28"Suppose one of you wants to build a tower. Will he not first sit down and estimate the cost to see if he has enough money to complete it? 29For if he lays the foundation and is not able to finish it, everyone who sees it will ridicule him, 30saying, 'This fellow began to build and was not able to finish.'
31"Or suppose a king is about to go to war against another king. Will he not first sit down and consider whether he is able with ten thousand men to oppose the one coming against him with twenty thousand? 32If he is not able, he will send a delegation while the other is still a long way off and will ask for terms of peace. 33In the same way, any of you who does not give up everything he has cannot be my disciple. ~
Luke 14:28-33 (NIV)

Considering the Cost

Pastor Brad opened with comments about how we all have varying money management styles. Some people shop at Kohl’s, others are Wal-Mart shoppers. Some go to Target and others to boutique-type stores. Some pay cash, others use credit. Some are big tippers and then there are the pastors in the room… ;-0 Some carefully balance their checkbooks down to the penny and others just try to keep it close.

Some people have stock brokers and others go broke just fine without them. But whatever your style, this passage from Luke 14 is challenging. Brad compared it to a doctor with a large hypodermic needle who says, “Bend over… this is going to a hurt a little, but it’ll be good for you in the end.”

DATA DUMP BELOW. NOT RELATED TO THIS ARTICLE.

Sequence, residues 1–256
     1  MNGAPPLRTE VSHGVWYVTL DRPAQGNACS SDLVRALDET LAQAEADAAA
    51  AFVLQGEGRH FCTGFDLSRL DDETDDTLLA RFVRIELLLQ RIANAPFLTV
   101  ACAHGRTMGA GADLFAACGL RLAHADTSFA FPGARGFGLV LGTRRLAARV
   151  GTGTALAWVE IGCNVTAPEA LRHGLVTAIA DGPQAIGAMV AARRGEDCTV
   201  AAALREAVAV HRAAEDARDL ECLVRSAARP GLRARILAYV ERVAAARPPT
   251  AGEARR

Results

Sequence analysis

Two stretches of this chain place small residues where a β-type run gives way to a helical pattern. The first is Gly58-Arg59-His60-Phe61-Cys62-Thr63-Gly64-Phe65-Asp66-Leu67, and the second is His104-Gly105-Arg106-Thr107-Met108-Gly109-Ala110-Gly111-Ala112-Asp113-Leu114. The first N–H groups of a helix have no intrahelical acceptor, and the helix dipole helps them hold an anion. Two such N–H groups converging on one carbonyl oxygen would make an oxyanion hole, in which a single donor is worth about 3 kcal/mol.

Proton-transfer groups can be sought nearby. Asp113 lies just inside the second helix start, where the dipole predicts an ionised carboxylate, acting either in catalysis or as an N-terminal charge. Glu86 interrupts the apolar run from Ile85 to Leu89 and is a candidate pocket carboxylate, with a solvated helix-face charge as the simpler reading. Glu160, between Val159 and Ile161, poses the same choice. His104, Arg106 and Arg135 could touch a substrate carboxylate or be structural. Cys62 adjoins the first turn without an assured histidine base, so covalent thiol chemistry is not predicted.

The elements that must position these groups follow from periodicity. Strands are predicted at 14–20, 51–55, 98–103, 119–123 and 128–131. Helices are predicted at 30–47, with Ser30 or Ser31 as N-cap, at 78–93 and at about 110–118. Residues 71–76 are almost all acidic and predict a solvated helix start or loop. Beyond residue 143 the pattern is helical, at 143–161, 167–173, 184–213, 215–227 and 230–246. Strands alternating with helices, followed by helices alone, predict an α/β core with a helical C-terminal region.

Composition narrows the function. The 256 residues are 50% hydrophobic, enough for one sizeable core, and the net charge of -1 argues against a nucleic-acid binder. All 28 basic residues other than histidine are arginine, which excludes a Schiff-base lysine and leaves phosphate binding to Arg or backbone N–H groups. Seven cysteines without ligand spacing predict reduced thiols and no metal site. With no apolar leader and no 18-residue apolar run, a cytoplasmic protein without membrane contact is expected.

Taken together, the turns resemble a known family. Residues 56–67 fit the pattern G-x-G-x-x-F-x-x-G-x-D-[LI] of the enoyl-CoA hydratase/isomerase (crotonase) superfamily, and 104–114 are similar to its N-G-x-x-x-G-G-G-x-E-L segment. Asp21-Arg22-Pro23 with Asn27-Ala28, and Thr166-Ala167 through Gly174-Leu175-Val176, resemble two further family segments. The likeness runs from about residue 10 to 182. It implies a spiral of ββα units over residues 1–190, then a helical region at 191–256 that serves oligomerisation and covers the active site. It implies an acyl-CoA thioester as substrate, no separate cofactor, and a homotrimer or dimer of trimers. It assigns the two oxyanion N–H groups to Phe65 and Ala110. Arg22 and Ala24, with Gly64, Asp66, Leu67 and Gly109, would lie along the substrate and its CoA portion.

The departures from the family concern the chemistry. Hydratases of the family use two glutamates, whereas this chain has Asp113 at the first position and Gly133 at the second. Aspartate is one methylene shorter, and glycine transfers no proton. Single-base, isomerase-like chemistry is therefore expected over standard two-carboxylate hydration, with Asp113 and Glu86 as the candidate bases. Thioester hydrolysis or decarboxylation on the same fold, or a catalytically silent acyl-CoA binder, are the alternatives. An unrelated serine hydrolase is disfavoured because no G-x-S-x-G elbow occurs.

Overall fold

Before moving forward we got a quick recap of last week’s message about a man who was good at managing his money but gave no thought for God, seeking instead to find meaning in his possessions. He was good at financial management, poor at the management of eternal things. This week’s parable deals with improving the money management side of the equation.

Brad outlined some eye opening stats at this point. One Gallup poll noted that 64% of all couples argue over money. One quarter of all Baby Boomers have less than one thousand dollars in savings. The average young couple spends $1600 more than they make. The average college student carries three credit cards carrying a balance over $8,000. Kids are leaving college due to financial problems as much as bad grades.

In short, money management is an issue people are struggling with.

There are a number of causes of financial stress. Among them he cited the following.
1) Laziness. Proverbs 28:19 states, “He who works his land will have abundant food, but the one who chases fantasies will have his fill of poverty."